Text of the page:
God needs nothing from us. We exist because this God is loving us into existence. And since the very purpose of our existence is to be loved by God, we find all of our need for love is truly met in pursuing Him more than anything else. When we try to have our deeply human need for love met primarily in other people, we end up disappointed and frustrated, because other people are just as needy as we are, and they make terrible gods. And then we make terrible life choices, because we are also not very good at being God. On the other hand, when we truly love God more than anything else, and our source of fulfillment is Love Himself, we become free to stop clinging to others, and to love them just as they are. Ironically, this makes us easier to love, too. True Love always comes from God, and goes right back to Him, and by His grace, we get to participate in that beautiful cycle as much or as little as we chose.
Love does not wound; it heals. Since I started writing this, I’ve had Pandora set on Soft Rock Radio to confirm my theory that none of those 80’s and 90’s songs about love actually refer to anything resembling the real thing. The closest any of them came was when Foreigner declared, “I want to know what love is! I want you to show me!” Fair enough, Foreigner. I’ll do my best.
A little more recently, however, someone finally came-up with some music that has allowed the truth of love to sneak its way into popular understanding. Here’s what Mumford & Sons had to say:
Love, it will not betray you, dismay or enslave you,
it will set you free.
Be more like the man you were made to be.
There is a design
an alignment, a cry of my heart to see
the beauty of love as it was made to be.
Spot on, you guys. I guess we were all just waiting for the banjo to be accepted as a cool instrument before we would be willing to pay any attention to anything wise of this nature.
Eventually, Josh did make it home safely from Afghanistan, our beautiful son was born, and a few months later, I messaged Kathy again, apologizing if I injured her in any way. I told her about being pregnant, and Josh going off to war and whatnot, but I said it was no excuse for me being so condescending. She seemed very understanding, and she told me to thank my husband for his service. We messaged back and forth a little more. We’re still not Facebook friends, and I don’t have any plans to change that anytime soon, but I’m not angry, either. While my grandfathers' absences from my childhood will always be an injury, I can't be mad about it anymore. I mean, I could. But Love doesn't want me to, because forgiveness is good for my soul. It's freeing, so that's what God wants for me. Plus, I’ve really changed a lot since before I was born, so maybe Kathy and my grandfather have, too. But even if they're both exactly the same, thinking only of themselves, I still want God’s best for them. Or at least I want to want God's best for them, anyway. Which is a start.
So far, it’s not like Josh and I are perfect at love by any stretch of the imagination. Just yesterday, we got in a serious argument about what happens if you get pulled over when you don’t have your driver’s license with you. This was followed by about an hour of bitter silence, lots of mental prayer, that all too familiar "working through it" conversation where both sides try to get on the same page about what just happened, and then our police officer friend confirming that I was right (which is not the point, but still worth mentioning). We’ve got a ways to go, but we've also come a long way, so it’s all good. We’ve only been married for nearly 13 years. Unfortunately, I know that sounds like a long time to most people these days, but in the reality of what Holy Matrimony is—and what the choice to love actually means—we’re still just getting started. And he’s a great person to learn with. I love him.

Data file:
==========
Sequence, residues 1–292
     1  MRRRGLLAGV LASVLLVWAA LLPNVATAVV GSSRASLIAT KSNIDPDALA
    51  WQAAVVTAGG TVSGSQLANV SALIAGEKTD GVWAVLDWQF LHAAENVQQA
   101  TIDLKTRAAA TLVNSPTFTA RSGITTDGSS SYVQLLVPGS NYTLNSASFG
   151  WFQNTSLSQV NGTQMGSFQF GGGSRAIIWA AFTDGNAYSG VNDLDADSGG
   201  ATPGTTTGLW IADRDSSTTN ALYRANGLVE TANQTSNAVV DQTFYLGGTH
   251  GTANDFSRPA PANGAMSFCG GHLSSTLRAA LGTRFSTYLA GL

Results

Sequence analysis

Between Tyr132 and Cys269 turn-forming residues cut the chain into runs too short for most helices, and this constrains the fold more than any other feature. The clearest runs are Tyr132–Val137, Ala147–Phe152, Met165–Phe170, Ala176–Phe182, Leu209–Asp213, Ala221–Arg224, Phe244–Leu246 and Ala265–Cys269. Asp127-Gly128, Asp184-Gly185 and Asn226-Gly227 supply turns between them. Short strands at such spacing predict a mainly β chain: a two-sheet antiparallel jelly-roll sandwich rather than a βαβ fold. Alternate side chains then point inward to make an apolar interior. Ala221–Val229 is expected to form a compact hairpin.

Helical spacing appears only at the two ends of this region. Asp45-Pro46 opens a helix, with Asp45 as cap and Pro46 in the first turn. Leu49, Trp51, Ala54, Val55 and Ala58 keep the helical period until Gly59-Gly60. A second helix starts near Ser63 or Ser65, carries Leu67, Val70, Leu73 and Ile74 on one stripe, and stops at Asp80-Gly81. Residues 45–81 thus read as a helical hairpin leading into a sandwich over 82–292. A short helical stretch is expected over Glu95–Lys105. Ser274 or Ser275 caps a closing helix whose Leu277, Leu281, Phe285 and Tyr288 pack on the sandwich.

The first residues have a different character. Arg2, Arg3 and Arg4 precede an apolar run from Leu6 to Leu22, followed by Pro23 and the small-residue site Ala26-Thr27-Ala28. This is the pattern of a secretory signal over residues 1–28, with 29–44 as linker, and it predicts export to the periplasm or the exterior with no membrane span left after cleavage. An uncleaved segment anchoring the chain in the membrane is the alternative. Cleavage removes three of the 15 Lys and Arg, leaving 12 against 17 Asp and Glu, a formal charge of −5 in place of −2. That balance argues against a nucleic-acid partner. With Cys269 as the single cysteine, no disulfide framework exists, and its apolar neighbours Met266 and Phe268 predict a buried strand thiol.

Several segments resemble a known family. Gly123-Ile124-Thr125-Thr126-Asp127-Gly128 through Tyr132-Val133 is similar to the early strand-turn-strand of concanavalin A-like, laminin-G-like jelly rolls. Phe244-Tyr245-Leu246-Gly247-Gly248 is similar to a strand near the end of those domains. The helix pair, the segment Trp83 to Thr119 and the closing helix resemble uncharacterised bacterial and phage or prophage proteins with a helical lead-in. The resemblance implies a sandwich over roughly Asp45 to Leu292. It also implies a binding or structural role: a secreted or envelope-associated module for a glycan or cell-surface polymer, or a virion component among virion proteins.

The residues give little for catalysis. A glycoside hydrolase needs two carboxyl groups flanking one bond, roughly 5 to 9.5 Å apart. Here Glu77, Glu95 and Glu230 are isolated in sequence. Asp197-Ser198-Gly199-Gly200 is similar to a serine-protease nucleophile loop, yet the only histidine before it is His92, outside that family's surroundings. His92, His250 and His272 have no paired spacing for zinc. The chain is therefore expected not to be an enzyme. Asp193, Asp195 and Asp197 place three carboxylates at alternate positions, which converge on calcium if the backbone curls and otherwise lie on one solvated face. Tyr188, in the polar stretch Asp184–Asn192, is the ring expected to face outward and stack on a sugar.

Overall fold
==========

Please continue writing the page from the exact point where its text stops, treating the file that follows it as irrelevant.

It pains us both to see so many great marriages fall apart because butterflies have taken the lead, or because the messages we're given about love, happiness, and God Himself are all so confusing. Thankfully, the 80's and 90's are behind us, and we can always write new music. I hope it continues to get more truthful. If the banjos help, I say we use them more. Whatever it takes to reverse the damage of the soft rock love mentality, and help us begin to discover the kind of true Love that God is.
By the way, while I have you here, have you read my new eBook yet? It's my Catholics on Spotlight blog series with a brand new 4th part called, "Things My Husband Has Said To Me While Standing In the Kitchen" You can download it for FREE right here!
Here's an excerpt from Part 4:
Finally, at one point, [Tim] stopped joking around and said, “Okay, in all seriousness, though. Let me ask you something. If I don’t believe in your Jesus, but I’m still a really good person, will Jesus still let me into heaven?”
Oh snap! It was a real question that needed a real answer! On your toes, Christina! Think fast!
“Let me ask you something,” I came back with right away. “If I made you a batch of really good brownies, but they just had a li-i-ittle bit of my own poop in them, would you still eat them?”
Yep. That is exactly what came out my mouth. Only I didn’t say poop. I said the S-word. I have no qualms speaking the native dialect if it is the most effective way to communicate, but I’m softening it to “poop” for a moment here to make things a little easier for my readers with more delicate vocabulary palates, because I am about to say that word a lot.